Golf’s governing bodies advanced the great distance debate on Wednesday, releasing a new insights report that hones in on two key areas of interest.
The — ahem — long and short of it? Golf-ball testing could get a modern makeover and proposed rules changes would reduce the forgiveness of drivers used in elite competition.
The findings issued jointly by the USGA and the R&A set in motion the long-stated mission of dialing back distances at every level of the game. But the research period will continue through September; changes of this magnitude are legislated at a deliberate pace.
The USGA and The R&A have released updated areas of interest on hitting distance in golf.
The governing bodies are continuing their work to advance the game’s long-term health.
— USGA (@USGA) March 16, 2022
As always, there’s a delicate balancing act to consider: can equipment modifications and rules tweaks be enacted without negatively impacting the enjoyment of less-skilled players? A closer look at the report makes it clear that the sport’s ruling class plans to have its cake and eat it too.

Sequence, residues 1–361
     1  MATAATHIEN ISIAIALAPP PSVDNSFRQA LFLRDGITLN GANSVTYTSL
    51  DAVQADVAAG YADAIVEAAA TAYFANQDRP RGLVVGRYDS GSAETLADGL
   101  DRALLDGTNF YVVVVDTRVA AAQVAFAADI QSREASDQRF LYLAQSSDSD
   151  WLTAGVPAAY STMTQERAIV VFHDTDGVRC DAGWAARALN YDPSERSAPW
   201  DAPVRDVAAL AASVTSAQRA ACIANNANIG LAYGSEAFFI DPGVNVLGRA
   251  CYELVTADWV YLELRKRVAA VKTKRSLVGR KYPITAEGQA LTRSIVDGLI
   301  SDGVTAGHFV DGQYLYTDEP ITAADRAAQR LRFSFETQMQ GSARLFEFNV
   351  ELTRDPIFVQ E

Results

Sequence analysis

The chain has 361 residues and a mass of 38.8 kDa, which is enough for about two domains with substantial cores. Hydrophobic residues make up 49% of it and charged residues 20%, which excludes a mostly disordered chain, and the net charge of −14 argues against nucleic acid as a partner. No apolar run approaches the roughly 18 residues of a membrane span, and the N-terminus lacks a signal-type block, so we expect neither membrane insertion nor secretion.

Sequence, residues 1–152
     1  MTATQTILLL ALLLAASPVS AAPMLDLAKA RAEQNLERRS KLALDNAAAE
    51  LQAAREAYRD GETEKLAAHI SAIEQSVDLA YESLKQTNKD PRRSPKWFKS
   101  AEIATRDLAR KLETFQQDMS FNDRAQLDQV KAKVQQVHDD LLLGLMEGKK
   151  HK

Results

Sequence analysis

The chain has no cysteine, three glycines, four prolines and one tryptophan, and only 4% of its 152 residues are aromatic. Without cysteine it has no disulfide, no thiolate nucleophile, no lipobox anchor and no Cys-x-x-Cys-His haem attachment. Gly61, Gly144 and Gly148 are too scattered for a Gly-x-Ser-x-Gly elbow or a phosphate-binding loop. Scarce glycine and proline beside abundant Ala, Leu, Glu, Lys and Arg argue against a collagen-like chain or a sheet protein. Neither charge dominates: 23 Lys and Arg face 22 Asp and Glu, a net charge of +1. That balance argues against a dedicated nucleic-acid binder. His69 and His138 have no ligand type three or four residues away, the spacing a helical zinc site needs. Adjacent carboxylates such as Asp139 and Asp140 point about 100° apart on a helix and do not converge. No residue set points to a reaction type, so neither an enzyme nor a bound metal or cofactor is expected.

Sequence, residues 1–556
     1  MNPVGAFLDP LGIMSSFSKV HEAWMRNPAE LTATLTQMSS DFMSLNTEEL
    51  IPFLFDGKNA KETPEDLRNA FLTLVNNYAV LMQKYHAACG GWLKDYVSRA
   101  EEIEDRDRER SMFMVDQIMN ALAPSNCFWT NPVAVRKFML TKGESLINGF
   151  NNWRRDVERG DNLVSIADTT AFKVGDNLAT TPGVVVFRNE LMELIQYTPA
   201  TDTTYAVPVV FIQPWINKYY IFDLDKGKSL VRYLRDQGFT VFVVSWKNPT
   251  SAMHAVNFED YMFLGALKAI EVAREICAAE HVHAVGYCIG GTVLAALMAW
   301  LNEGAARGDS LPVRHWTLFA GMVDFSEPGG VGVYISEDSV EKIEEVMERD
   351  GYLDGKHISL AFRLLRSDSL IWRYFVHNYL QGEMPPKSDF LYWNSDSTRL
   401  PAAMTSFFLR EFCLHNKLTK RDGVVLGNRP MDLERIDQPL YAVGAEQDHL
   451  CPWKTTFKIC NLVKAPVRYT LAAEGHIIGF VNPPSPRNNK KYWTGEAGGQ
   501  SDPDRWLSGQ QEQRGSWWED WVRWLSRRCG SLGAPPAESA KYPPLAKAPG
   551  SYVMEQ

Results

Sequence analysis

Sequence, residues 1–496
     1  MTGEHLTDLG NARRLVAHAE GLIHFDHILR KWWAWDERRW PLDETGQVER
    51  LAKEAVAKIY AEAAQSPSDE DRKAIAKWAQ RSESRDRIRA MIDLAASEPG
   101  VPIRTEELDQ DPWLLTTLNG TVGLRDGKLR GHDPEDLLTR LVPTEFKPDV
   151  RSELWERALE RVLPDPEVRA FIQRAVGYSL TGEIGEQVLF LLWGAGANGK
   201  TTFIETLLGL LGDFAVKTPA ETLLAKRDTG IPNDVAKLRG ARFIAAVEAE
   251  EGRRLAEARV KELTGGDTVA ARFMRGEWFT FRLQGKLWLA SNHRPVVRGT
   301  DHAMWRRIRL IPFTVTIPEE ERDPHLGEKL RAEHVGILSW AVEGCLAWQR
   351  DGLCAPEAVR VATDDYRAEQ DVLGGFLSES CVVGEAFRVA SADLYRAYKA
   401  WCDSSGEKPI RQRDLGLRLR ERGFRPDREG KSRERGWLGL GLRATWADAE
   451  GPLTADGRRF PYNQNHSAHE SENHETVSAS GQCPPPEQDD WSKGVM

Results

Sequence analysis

- Potential changes to the testing methods for golf balls: the swing speeds used in golf ball testing are long overdue for an update to account for the astronomical numbers achieved by the likes of Bryson DeChambeau and other bombers, and it’s expected that most balls used on the PGA Tour would no longer conform as a result. However, another controversial testing method — known as the initial velocity test — could be discontinued to allow for manufacturers to cater products to players with slower swing speeds.
- Model Local Rules for club performance characteristics: in effect, average golfers would be permitted to keep using the same ultra-forgiving drivers with springy clubfaces in competition while such equipment would be outlawed at the highest levels of the game.
You can read the full report here.